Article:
By now, almost everyone has heard of MRSA (methicillin-resistant Staphylococcus aureus)—variants of the ubiquitous “staph” bacteria that are resistant to penicillin and related antibiotics—the original “wonder drugs” that transformed the treatment of infectious diseases in the mid-20th century. Methicillin is the antibiotic named to signify resistance to the class that includes penicillins (even though bacteria are not routinely tested against it). Methicillin, no longer used because of its toxicity, was developed in 1959, a decade after bacteria resistant to pencillin arose (which occurred a mere four years after penicillin went into mass production). This is a lesson we still must heed today—that resistance is an inevitable natural phenomenon, bound to occur against every antibiotic the more it is used.
MRSA news stories tend to focus on healthy young victims who’ve picked up the bacteria on the football field, in school, or somewhere else in the course of daily living, and end up with an overwhelming infection that puts them into the intensive-care unit. MRSA may kill through infections of the lung, blood, or tissue (it’s one of the “flesh-eating bacteria”). What has happened to these victims is shocking and tragic, of course, but their cases represent just a small part of the larger MRSA problem. Sadly, the more numerous deaths of elderly hospital patients with serious medical problems are not exactly front page material.
Both MRSA and common staph are typically harmless on the surface: they can “colonize” the skin or the nasal passages without causing any health problems. When they enter broken skin through a cut or sore, however, they “infect” the surrounding tissue and proliferate in boils, blisters, or pimples. Often these skin and soft tissue infections can just be cleaned out and left to heal. But when bacteria invade the bloodstream, causing blood infections called septicemia or bacteremia, or the lungs, causing pneumonia, the situation becomes much more serious, and quickly. When these staph infections are MRSA, they take longer to cure, about doubling the time spent in the hospital, and also doubling the hospital bill.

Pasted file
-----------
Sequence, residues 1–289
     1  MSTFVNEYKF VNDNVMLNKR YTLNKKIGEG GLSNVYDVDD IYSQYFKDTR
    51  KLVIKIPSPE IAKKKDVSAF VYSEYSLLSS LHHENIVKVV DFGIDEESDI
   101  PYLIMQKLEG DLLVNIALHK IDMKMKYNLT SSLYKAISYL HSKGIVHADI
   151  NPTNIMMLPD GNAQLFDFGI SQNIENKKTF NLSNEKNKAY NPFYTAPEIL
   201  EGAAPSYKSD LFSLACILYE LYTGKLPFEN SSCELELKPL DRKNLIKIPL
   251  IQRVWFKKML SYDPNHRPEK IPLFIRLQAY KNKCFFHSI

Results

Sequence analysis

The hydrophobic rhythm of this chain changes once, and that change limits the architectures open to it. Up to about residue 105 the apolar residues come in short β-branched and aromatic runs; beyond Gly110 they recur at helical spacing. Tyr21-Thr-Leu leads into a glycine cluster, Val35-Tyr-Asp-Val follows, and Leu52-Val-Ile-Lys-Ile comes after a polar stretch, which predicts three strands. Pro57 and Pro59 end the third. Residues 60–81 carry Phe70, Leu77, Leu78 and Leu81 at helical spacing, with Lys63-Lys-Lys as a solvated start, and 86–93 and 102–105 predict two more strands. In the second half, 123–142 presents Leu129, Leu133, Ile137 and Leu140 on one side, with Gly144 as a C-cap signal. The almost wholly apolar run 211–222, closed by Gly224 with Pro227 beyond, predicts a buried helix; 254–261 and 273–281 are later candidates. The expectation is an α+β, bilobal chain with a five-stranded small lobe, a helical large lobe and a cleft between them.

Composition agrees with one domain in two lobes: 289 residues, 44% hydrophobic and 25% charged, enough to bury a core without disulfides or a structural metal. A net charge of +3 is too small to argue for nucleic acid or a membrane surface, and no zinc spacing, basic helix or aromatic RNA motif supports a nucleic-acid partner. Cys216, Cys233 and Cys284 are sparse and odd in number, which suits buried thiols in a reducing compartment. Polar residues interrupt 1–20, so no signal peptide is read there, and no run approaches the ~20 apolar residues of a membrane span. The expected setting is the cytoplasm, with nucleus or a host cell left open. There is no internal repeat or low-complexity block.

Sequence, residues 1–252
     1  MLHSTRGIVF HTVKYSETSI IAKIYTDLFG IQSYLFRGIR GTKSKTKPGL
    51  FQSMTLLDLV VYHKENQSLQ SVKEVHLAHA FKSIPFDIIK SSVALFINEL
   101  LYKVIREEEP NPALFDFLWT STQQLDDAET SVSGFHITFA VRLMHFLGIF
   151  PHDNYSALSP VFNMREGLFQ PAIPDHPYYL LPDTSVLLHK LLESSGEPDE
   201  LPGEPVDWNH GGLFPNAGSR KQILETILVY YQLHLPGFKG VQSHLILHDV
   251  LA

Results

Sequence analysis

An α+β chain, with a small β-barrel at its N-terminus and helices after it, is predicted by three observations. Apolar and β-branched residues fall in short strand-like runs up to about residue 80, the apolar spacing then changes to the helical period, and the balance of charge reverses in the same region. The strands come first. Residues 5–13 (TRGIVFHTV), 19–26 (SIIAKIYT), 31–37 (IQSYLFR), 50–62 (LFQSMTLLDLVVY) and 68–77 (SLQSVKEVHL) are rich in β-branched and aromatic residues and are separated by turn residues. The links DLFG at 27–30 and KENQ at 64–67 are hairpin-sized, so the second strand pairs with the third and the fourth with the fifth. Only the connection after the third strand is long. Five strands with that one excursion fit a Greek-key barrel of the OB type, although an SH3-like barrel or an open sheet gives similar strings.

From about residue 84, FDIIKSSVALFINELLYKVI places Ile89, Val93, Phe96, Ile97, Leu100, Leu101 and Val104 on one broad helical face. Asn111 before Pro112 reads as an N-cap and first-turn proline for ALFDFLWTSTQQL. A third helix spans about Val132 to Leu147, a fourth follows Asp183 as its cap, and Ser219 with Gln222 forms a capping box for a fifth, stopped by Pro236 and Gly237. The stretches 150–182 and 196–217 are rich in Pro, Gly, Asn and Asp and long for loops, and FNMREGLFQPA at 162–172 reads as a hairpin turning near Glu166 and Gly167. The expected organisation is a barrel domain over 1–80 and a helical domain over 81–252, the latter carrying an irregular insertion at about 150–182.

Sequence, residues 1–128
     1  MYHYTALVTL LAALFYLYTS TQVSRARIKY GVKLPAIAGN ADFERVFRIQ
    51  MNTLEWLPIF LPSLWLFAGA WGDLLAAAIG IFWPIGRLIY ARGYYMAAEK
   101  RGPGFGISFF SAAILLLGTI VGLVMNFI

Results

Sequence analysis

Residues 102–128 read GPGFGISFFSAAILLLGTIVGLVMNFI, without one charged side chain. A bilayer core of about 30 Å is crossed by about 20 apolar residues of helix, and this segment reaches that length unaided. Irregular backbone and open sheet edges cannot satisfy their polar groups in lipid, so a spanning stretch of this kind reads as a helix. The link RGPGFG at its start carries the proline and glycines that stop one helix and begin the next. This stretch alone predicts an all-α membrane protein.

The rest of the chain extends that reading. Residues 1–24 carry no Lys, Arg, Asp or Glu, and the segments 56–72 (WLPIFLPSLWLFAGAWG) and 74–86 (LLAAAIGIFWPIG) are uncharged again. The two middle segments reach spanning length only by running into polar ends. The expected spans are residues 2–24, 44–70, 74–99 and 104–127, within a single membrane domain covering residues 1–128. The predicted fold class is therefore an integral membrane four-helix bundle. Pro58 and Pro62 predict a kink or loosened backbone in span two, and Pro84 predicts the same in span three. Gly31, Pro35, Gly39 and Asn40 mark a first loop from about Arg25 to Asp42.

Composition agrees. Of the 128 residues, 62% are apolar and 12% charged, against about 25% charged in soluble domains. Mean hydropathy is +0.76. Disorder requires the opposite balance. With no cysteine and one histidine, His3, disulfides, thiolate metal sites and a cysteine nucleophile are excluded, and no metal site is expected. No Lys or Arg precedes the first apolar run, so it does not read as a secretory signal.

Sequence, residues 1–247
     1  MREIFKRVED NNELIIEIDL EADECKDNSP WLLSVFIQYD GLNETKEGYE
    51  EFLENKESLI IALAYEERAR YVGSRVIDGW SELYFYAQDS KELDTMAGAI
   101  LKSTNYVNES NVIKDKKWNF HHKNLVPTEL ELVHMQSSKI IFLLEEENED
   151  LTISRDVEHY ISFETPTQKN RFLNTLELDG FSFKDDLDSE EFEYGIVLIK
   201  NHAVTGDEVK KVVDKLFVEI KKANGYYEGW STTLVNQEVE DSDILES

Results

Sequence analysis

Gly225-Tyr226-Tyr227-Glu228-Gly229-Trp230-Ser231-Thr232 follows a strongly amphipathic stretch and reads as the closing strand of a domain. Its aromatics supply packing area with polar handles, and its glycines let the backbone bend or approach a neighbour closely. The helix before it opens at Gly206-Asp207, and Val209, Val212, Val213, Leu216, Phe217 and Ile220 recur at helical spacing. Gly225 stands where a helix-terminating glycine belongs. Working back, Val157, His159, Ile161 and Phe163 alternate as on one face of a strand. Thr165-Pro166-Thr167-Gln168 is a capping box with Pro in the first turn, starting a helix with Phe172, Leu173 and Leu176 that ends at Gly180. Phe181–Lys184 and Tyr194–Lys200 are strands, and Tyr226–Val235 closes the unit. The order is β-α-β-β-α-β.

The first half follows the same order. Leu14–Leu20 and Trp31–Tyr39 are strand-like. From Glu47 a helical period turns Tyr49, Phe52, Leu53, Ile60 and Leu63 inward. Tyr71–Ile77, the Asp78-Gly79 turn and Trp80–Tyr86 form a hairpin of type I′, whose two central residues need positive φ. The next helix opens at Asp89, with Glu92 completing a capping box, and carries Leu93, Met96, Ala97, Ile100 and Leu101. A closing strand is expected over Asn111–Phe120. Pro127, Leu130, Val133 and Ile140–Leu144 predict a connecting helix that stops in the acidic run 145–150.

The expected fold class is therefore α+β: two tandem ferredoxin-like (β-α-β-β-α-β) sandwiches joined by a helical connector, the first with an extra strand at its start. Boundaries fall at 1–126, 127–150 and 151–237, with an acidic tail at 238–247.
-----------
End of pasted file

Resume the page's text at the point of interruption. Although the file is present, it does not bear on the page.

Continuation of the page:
Septicemia and pneumonia are almost exclusively acquired in hospitals or other healthcare settings, where staph bacteria are ubiquitous if no special infection control measures, such as testing new patients and isolating those who are colonized, are in force. Bacteria can enter patients’ internal organs during surgery, around catheters used to infuse intravenous drugs and fluids, and around urinary catheters. The result can be deadly MRSA infections—especially in patients who are already weakened by illness or old age. Ironically, the infection “vectors” in hospitals are often healthcare workers who become colonized and then spread the bugs around.
National and local publicity has raised public consciousness about MRSA, although it doesn’t inform us about the extent of the problem. RFF researchers Eili Klein, David Smith, and Ramanan Laxminarayan analyzed data from the past few years to answer that question, as part of Extending the Cure, an ongoing research project on antibiotic resistance. What their analysis tells us is that, unlike some health scare stories that represent only a small risk, this one is growing and worth worrying about. The fact that the development of new antibiotics is at an all-time low could turn this into a full-scale disaster—a return to the pre-antibiotic era, when ordinary infections were deadly.
Here are some basic statistics from Extending the Cure: MRSA infections treated in hospitals more than doubled nationwide between 1999 and 2005, from an estimated 127,000 to 278,000. MRSA also represents a growing proportion of staph infections seen in hospitals—growing from 40 percent in 1999 to 60 percent in 2005. The numbers themselves are difficult to verify and are the subject of controversy. Using a different data source and other methods, other researchers estimated that the national prevalence rate of MRSA among hospital patients in 2006 was 5 to 8 times as high as what Klein and colleagues reported for 2005. Putting these differences in perspective, it’s worth remembering the MRSA phenomenon is relatively recent: in the late 1980s, resistant staph bacteria accounted for perhaps 2 percent of infections.